Hollywood studios and subscription streaming video services have been granted a preliminary injunction against TickBox TV, the Atlanta-based company allegedly selling illegal access to myriad TV shows and movies through a proprietary set-top box.
U.S. Federal District Judge Michael Fitzgerald Jan. 30 in Los Angeles ruled TickBox must maintain changes it made to its user interface and marketing after Universal Pictures, Columbia, Walt Disney Studios, 20th Century Fox, Paramount Pictures, Warner Bros., Amazon and Netflix filed a lawsuit last October.
TickBox argues it merely sells hardware and cannot be liable for the actions of third-parties, i.e. its consumers.
Indeed, at the bottom of its website, TickBow said its hardware “should not be used to download or stream any copyrighted content without permission from the copyright holder.”
But Fitzgerald ruled that while TickBox had not necessarily “caused” users to illegally stream or download copyrighted content, it had sold them the means to do so.
“TickBox may be held responsible for the instances of infringement that would not have otherwise occurred in the absence of the Device,” Fitzgerald wrote.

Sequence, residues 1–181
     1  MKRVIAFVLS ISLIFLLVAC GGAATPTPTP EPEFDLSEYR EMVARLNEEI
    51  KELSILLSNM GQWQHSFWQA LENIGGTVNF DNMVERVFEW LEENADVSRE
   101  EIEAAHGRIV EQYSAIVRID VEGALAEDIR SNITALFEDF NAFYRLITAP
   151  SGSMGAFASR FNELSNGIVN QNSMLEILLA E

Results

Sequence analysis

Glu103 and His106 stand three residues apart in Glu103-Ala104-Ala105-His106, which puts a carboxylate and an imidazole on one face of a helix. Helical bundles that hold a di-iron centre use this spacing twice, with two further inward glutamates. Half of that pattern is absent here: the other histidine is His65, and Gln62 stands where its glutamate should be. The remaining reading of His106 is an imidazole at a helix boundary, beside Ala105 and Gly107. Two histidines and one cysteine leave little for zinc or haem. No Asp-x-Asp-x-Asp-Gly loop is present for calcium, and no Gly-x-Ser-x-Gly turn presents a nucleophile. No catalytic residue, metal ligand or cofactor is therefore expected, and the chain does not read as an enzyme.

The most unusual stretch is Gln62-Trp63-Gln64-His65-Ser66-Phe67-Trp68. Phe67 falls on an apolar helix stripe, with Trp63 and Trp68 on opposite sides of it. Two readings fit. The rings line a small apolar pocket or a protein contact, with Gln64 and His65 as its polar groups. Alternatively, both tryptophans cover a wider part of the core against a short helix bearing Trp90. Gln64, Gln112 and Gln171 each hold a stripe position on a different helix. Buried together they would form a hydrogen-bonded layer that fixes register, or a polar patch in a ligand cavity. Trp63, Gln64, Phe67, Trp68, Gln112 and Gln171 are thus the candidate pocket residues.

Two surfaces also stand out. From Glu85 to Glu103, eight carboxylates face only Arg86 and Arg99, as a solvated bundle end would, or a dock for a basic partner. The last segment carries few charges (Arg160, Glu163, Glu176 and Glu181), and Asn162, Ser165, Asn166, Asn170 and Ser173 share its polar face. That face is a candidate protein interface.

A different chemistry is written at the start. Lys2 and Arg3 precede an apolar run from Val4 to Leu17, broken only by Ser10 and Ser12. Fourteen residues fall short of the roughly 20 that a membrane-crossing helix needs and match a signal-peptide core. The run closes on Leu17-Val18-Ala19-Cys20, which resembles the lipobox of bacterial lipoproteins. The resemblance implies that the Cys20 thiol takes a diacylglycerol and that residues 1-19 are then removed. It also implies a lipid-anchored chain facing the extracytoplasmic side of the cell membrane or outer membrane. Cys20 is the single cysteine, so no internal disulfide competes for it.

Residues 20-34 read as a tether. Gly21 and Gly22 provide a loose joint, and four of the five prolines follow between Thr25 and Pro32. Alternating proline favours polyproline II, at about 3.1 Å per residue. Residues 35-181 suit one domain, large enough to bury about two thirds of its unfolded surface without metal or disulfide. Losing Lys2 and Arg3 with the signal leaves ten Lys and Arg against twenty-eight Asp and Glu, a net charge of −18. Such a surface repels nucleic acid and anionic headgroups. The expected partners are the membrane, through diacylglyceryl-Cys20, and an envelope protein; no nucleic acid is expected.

The judge ordered TickBox and plaintiffs to iron out technical safeguards that protect the latter’s copyrighted content, in addition to implementing software updates that could reset devices already sold.
The Alliance for Creativity and Entertainment, which represents studios and digital companies such as Amazon, Netflix and Hulu, hailed the judge’s decision.
“This is an important step, particularly given the court’s conclusion that the ACE members are likely to succeed on the merits of their case,” spokesperson Zoe Thorogood said in a statement. “We look forward to further developments in this case.”